Improving Recall with a Semantic Constraint

Micah Dubinko
Last updated December 22, 2014

If you haven't seen it, the keynote at MarkLogic World 2013 is worth a look. I was on stage demonstrating new Semantics features built into MarkLogic server. Two of the three demos were based on MarkMail, a database of some 60 million messages, with enhanced search capabilities driven by semantics. (The third demo was a built-from-the-ground-up semantic application).

Semantic Constraint

One of the demos showed improving search results via semantics. I did a search constrained with affiliation:IBM to find messages from people who--based on specific facts outside of the messages themselves--were known to be employed by IBM. This is a powerful technique, because even when a message itself bears no sign that it came from a particular company, it can still be queried as such. This is known as semantic querying.

An Example

So, in this posting, let's recreate something analogous to the 'affiliation' search. We'll use the Oscars sample application that ships with the product. To get started, create an Application Builder sample project and deploy it. We'll call the relevant database names 'oscar' and 'oscar-modules' throughout. Since Application Builder ships with only a small amount of data, you may also want to run the sample Information Studio collector that will fetch the rest of the dataset.

Setup

Before we can query, we need to actually turn on the semantics index. The easiest place to do this is on the page at http://localhost:8000/appservices/. Select the oscar database and hit configure. On the page that comes up, tick the box for Semantics and wait for the yellow flash.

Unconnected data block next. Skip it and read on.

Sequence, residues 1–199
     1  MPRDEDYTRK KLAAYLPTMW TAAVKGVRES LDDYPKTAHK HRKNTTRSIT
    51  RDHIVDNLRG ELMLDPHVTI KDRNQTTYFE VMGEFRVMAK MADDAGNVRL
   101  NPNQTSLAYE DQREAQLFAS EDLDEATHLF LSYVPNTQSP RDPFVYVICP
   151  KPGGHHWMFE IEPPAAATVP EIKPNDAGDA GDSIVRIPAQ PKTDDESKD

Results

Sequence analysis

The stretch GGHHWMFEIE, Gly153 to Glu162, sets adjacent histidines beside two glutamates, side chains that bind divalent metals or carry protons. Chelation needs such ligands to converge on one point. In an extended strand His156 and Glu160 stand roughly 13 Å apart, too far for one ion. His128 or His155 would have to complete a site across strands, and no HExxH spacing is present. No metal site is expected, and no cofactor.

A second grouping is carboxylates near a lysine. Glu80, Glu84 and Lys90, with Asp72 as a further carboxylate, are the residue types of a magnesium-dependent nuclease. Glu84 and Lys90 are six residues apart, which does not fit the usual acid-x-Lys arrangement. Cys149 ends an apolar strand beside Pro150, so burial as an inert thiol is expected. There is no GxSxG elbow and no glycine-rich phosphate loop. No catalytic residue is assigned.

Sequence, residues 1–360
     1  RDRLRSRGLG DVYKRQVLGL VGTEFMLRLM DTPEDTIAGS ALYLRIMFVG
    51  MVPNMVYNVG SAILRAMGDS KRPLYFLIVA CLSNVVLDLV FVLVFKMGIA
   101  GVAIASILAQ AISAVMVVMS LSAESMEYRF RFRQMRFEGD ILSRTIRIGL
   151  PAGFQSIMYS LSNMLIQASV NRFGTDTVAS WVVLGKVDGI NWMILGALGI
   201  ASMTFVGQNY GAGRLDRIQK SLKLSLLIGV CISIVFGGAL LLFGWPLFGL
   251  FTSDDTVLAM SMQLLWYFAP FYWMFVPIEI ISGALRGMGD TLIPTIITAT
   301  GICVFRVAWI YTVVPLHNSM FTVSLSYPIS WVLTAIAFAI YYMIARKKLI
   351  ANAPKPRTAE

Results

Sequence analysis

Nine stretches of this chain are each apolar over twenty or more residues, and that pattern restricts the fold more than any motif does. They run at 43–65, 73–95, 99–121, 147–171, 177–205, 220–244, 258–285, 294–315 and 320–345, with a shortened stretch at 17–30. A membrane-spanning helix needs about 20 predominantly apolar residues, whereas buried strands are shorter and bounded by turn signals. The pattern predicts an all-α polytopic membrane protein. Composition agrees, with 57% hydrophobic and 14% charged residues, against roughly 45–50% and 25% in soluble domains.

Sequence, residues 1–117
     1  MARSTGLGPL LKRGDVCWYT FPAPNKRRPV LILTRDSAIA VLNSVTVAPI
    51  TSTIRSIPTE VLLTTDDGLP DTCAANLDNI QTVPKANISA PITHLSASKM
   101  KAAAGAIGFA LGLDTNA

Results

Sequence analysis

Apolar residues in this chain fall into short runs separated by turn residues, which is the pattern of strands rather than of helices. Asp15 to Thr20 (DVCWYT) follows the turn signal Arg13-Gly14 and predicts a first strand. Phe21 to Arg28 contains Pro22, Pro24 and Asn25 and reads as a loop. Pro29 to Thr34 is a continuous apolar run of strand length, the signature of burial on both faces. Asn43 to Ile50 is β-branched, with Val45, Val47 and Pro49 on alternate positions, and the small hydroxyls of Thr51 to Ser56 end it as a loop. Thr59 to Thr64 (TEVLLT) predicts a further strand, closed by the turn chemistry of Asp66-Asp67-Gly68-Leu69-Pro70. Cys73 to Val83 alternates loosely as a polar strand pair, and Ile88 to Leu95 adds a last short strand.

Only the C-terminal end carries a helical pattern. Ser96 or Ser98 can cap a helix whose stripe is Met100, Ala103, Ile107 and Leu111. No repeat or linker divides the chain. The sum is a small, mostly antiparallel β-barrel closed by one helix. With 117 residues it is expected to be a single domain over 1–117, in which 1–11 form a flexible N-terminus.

The earlier infopanel tutorial included details on the triple data, and this demo uses the same data. Grab the triples from here and put it somewhere on your local system. Then simply load these triples via query console. Point the target database to 'oscar' and run this:

import module namespace sem="http://marklogic.com/semantics"
  at "MarkLogic/semantics.xqy";
sem:rdf-load("/path/to/oscartrips.ttl")

Application Builder: Custom Constraints

A quick refresher is in order. In Application Builder, there are a number of built-in constraint types, for example a range constraint (using a range index) or a geo constraint (using a geo index). In cases like this where an application needs to go beyond the built-in constraint types, it's possible to define a custom constraint, that calls code you provide in order to create the query that powers the search. So defining a custom constraint requires three things: 1) adding the configuration of the custom constraint, 2) writing an XQuery module that implements the constraint, and 3) putting the XQuery module in the right place. In this tutorial, we'll do all three.

First, the constraint definition. We need to add to the query options that are defined as part of the REST API for the oscars app. Fortunately, Application Builder makes this easy to do. On the 'Search' tab, there is a button at the bottom labeled 'Custom XML Options'.